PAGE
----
“Hubie Halloween,” 2020, directed by Steve Brill – 1/5 Stars
Adam Sandler has starred in a lot of bad movies. Alongside producer Jack Giarraputo, Sandler created Happy Madison Productions, which has brought audiences infamous gems like “Pixels,” “Jack and Jill” and “Grown Ups.” This month, “Hubie Halloween” joined the roster of shockingly terrible comedies, featuring what might be Sandler’s most insultingly lazy performance yet.
“Hubie Halloween” follows Hubert Schubert Dubois — yes, really — played by Sandler, a developmentally challenged middle-aged man who lives with his mother in Salem, Mass. Hubert, or Hubie, as he is called, seems to be universally bullied by the entire town. Whenever he rides his bicycle from place to place, his neighbors throw whatever they can at him. He is easily scared, and his coworkers find great glee in pranking him with scary masks. The majority of the movie is spent torturing Hubie as a character, and it is unclear if we are meant to laugh at his suffering or to feel bad for him. This is made even more confusing by the fact that Sandler’s characterization is an over-the-top, ridiculous and very offensive portrayal of a differently abled person. This contradiction carries throughout, concluding with preaching a message about loving and accepting others — something the movie itself does not seem to do.
Despite clocking in at only around an hour and 40 minutes, this sorry excuse for a film feels much longer. The star-studded cast, including Maya Rudolph, Steve Buschemi, Ray Liotta and even Noah Schnapp of “Stranger Things” fame, slog through a boring, derivative script, mired in dated tropes and unfunny, nonsensical dialogue. The romantic subplot between Hubie and his high school crush feels forced and stilted, and Kevin James’ performance as a police officer is eye-rollingly trite.
All this being said, there are a few chuckles to be had when watching this depressingly vapid snoozefest. One of the few somewhat redeeming moments in the movie features a surprise appearance from Shaquille O’Neal in a scene so ridiculous and silly that you cannot help but laugh, even if you are laughing at the movie rather than with it. There are a few other laughs throughout, though none of them are memorable.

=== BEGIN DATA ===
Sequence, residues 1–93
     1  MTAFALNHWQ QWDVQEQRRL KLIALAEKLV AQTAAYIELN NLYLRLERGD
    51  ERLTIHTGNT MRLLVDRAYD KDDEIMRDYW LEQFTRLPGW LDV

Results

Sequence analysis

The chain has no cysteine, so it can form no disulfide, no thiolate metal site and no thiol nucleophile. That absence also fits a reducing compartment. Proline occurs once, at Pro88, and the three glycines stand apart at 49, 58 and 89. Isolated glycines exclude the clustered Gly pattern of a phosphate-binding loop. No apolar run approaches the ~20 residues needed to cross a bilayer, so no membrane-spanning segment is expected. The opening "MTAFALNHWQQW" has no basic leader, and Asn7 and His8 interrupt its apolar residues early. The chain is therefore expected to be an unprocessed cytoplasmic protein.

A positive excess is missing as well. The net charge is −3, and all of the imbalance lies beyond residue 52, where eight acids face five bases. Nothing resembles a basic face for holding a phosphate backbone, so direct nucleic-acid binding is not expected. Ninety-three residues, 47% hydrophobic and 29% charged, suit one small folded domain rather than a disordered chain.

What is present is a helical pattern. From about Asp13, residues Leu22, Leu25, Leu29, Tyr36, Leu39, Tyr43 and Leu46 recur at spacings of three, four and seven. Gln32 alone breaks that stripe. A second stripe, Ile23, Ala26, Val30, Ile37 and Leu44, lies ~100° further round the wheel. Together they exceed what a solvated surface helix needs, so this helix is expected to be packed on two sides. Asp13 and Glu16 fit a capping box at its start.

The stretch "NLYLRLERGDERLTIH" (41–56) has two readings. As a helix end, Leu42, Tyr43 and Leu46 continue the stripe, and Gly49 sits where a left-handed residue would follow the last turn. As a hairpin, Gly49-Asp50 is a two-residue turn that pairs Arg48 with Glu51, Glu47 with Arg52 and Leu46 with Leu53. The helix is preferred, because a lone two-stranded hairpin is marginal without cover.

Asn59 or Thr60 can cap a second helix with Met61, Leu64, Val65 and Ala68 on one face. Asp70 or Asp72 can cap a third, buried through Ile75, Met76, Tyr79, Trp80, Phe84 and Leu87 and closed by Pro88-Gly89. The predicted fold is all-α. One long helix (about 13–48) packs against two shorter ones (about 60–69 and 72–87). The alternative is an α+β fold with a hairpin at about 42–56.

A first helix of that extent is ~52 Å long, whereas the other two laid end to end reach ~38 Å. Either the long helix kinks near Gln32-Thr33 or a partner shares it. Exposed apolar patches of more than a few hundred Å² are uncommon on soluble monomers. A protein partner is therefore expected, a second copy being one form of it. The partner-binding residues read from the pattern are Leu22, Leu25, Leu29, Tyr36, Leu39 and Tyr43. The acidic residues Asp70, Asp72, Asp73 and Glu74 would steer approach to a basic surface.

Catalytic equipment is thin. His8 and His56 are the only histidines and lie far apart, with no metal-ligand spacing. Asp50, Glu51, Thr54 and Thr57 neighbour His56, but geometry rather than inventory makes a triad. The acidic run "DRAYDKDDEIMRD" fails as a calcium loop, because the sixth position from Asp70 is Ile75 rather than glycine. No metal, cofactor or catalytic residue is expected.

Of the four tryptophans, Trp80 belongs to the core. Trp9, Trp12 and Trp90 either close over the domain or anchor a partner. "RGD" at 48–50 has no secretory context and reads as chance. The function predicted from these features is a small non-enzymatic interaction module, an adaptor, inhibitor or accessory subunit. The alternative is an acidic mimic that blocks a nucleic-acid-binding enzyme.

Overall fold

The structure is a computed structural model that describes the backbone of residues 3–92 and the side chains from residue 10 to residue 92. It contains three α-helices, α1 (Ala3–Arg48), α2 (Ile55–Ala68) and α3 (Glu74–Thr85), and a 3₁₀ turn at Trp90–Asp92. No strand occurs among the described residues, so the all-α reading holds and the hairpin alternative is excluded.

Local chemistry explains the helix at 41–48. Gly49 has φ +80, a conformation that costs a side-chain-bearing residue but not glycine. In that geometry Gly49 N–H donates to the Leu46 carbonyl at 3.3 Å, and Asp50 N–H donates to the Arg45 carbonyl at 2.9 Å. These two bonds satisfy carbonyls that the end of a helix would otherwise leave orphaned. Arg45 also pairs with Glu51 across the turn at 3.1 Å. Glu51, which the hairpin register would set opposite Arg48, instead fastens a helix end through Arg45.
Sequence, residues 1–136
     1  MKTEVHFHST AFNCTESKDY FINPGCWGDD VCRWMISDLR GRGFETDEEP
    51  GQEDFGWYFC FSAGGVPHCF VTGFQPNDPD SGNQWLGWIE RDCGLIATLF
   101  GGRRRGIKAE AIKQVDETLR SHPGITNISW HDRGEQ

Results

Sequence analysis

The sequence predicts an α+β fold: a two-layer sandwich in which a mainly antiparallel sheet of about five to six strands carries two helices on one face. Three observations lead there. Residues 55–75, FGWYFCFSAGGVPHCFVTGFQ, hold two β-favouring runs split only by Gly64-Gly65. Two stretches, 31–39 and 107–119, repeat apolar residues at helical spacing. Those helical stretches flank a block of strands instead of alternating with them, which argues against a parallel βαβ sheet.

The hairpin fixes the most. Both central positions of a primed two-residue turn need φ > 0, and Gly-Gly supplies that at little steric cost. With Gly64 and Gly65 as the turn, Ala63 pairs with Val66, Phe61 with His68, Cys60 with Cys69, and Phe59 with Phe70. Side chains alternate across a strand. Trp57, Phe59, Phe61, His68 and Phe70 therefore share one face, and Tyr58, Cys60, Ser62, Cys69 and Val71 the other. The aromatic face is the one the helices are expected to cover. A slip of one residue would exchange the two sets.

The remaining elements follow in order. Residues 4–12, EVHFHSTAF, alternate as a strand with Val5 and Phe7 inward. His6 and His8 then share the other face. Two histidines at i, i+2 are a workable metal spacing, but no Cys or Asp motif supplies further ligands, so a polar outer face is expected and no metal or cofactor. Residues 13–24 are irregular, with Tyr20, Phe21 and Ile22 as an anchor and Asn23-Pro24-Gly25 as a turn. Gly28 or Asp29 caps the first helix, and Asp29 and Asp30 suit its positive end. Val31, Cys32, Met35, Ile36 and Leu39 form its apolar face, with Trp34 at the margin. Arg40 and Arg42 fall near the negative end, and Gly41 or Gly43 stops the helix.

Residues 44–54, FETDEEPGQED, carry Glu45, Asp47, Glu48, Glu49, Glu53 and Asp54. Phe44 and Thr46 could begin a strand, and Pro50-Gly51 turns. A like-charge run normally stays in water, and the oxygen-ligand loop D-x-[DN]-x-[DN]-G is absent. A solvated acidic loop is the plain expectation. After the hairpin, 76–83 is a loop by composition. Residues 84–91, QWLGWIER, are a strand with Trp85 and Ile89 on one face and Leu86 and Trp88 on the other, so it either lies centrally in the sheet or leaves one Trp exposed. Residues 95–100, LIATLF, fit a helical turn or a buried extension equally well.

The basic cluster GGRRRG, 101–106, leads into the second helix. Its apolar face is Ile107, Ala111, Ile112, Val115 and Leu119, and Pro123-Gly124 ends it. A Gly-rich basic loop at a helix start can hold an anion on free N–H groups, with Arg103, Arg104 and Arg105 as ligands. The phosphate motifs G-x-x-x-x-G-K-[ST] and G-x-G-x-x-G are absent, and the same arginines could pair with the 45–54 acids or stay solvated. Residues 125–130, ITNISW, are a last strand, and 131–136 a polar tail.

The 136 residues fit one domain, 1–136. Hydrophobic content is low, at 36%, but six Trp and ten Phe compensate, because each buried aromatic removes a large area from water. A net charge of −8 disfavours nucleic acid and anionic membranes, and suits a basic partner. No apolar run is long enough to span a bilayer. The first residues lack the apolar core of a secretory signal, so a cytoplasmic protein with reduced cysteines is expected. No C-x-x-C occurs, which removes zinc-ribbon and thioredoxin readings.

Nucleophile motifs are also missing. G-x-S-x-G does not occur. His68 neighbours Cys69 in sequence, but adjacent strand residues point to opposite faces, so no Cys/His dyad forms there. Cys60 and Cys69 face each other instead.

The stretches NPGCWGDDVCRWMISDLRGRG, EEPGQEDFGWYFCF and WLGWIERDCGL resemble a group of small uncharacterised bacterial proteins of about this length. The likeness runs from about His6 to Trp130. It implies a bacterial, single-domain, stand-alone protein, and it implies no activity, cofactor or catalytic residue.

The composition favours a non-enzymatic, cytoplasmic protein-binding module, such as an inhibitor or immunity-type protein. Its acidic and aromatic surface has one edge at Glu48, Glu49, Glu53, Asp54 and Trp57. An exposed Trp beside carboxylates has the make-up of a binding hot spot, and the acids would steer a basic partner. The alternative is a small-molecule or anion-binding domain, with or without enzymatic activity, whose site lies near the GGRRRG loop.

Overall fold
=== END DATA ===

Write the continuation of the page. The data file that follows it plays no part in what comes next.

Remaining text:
“Hubie Halloween” is not even entertainingly bad. The formula that it employs has been seen a million times over, and most of the cast, including Sandler, seem disinterested and unenthusiastic. Everything about it is tired and clichéd, from the writing, to the predictable humor, to the horribly overused greenscreen. What makes this banality so painful is not just its existence; we can all go for a silly, familiar comedy every once in a while. No, what makes “Hubie Halloween” so painfully awful is that it seems to lack any sort of self-awareness. It can be felt through the screen while watching that this latest Sandler flick was a shameless cash grab made by a group of aging men who are desperately trying, and failing, to keep up with the times, all while quickly losing enthusiasm for their own work. In short, it does not seem like anyone who worked on “Hubie Halloween” really cared if the movie was good or not, nor did they make any sort of effort to make something original or even remotely entertaining.